Committee Cuts Child Services Bid, Requires Governor to Pay

Members of the Republican-led House Human Services Committee approved the amendment on a party-line vote Wednesday

By ALISON NOON, Associated Press

HELENA — Lawmakers have moved to help fund an effort to prevent child abuse by taking money from the governor’s office budget.

House Bill 305, introduced on behalf of the Department of Public Health and Human Services, had sought $3 million in state aid to fund increased efforts to protect children from abuse and neglect.

Republican Rep. Art Wittich conceived an amendment that was passed late Wednesday night to cut $2 million from the request and require $500,000 come from the budget for the governor’s office.

Members of the Republican-led House Human Services Committee, which Wittich chairs, approved the amendment on a party-line vote Wednesday.

Dan Villa, budget director for Democrat Gov. Steve Bullock’s office, said the legislature should be able to fund the program but deliberately complicated the issue.

“They cut services to prevent child abuse and neglect by $2.2 million and they did so by playing political games with the governor’s office,” Villa said. “As grandma would say, if you’re capable of shame, now is the time to be ashamed.”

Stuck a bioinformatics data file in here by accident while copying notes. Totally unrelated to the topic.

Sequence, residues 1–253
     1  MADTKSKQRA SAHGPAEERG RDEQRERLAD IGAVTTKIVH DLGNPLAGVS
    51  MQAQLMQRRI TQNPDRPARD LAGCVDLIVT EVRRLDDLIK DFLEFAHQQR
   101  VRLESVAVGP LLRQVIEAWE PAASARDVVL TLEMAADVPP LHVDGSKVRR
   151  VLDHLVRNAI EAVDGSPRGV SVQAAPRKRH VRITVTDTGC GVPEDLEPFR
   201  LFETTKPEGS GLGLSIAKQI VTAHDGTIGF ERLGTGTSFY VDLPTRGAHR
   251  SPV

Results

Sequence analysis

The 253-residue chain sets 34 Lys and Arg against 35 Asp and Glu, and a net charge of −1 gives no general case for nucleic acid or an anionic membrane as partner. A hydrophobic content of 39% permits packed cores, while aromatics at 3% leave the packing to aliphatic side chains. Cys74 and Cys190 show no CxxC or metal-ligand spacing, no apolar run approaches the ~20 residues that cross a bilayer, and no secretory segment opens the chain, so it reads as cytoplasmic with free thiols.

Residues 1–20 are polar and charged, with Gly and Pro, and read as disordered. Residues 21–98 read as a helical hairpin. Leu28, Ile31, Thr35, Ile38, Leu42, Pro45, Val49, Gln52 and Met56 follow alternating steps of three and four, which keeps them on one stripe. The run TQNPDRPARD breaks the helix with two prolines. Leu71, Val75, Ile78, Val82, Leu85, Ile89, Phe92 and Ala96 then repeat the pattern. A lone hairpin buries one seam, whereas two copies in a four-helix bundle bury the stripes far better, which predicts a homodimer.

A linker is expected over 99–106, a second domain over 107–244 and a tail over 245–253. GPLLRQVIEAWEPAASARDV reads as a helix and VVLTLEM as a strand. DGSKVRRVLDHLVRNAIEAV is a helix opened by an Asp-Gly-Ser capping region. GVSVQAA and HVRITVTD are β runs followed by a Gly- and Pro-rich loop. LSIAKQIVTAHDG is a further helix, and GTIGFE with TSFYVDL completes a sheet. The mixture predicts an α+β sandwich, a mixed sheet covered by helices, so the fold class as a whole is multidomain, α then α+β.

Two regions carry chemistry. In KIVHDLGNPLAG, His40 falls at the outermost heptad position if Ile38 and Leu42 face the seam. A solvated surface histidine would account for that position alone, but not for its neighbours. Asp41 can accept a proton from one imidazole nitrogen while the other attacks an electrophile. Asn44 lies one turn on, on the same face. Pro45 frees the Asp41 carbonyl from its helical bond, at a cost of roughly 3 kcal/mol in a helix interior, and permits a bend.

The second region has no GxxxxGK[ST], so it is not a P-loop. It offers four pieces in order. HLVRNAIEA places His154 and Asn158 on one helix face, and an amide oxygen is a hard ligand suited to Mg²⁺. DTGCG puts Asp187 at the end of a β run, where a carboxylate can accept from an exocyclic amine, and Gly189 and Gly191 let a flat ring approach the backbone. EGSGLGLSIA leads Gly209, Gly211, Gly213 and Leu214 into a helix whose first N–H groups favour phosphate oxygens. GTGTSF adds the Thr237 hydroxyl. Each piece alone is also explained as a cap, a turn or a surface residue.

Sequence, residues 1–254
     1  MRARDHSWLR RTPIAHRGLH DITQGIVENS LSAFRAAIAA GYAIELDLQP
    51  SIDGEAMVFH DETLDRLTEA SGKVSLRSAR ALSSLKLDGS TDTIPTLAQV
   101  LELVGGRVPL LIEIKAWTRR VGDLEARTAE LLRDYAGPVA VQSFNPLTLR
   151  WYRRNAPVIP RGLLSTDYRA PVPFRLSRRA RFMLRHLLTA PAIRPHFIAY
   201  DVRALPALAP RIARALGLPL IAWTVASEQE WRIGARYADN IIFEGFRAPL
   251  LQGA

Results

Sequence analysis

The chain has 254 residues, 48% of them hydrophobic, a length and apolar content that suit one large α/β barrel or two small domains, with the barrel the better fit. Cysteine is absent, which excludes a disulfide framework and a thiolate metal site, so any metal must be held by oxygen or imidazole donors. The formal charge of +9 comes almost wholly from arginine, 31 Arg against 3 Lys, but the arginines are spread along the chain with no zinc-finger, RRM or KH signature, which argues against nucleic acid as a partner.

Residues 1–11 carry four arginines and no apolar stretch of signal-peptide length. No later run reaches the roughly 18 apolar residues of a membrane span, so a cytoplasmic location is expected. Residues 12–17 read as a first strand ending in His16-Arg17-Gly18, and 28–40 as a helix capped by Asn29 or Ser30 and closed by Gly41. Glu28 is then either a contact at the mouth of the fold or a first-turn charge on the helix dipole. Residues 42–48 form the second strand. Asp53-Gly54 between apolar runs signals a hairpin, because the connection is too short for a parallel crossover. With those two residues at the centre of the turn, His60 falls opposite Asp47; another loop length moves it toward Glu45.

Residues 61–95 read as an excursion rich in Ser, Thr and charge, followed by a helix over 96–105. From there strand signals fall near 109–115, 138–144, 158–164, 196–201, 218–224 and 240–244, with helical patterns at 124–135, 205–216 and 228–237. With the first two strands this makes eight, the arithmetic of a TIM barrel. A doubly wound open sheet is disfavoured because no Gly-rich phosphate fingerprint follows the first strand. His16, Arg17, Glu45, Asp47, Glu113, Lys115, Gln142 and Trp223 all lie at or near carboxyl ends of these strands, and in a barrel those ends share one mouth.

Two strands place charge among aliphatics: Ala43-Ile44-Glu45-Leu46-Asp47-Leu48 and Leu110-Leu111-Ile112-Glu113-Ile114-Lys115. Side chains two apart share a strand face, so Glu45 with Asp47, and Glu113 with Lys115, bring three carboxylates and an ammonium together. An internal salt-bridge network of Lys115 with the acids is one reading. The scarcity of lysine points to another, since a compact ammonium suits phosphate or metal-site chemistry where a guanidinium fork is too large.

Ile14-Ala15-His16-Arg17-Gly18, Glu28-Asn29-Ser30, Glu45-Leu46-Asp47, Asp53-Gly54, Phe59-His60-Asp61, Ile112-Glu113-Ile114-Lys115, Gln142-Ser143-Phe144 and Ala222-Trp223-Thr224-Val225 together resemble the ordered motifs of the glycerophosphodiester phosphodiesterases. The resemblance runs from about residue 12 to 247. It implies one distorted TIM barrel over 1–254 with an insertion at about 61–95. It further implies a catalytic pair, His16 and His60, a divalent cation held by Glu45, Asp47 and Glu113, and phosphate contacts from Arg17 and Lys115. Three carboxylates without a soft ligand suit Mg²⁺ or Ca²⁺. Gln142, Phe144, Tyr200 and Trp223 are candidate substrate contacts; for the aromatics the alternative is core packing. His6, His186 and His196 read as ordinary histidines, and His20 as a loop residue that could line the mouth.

Wittich said the amendment was made in an effort to get the funding through the Joint Appropriations Committee, which denied the department’s request the last two sessions. Subsequently, the governor’s office used discretionary funds to fill the gap.

“Since it was testified that they funded it in the last two years through the governor’s office, we felt like at least a portion of it should continue there,” Wittich said.

The governor’s office pledged to fund the program one way or another.

The department of human services’ Child and Family Services Division caseload has increased by 30 percent since 2009.

A second component to the department’s legislative request is likely dead. The House Judiciary Committee tabled House Bill 309 Wednesday. It would have had Montana adhere to a federal requirement that the state establish a child abuse and neglect review commission. Without that compliance, Villa said the department is at risk of losing $212,000 in federal funding.

House Bill 305 faces a vote on the House floor before moving on to the Joint Appropriations Committee.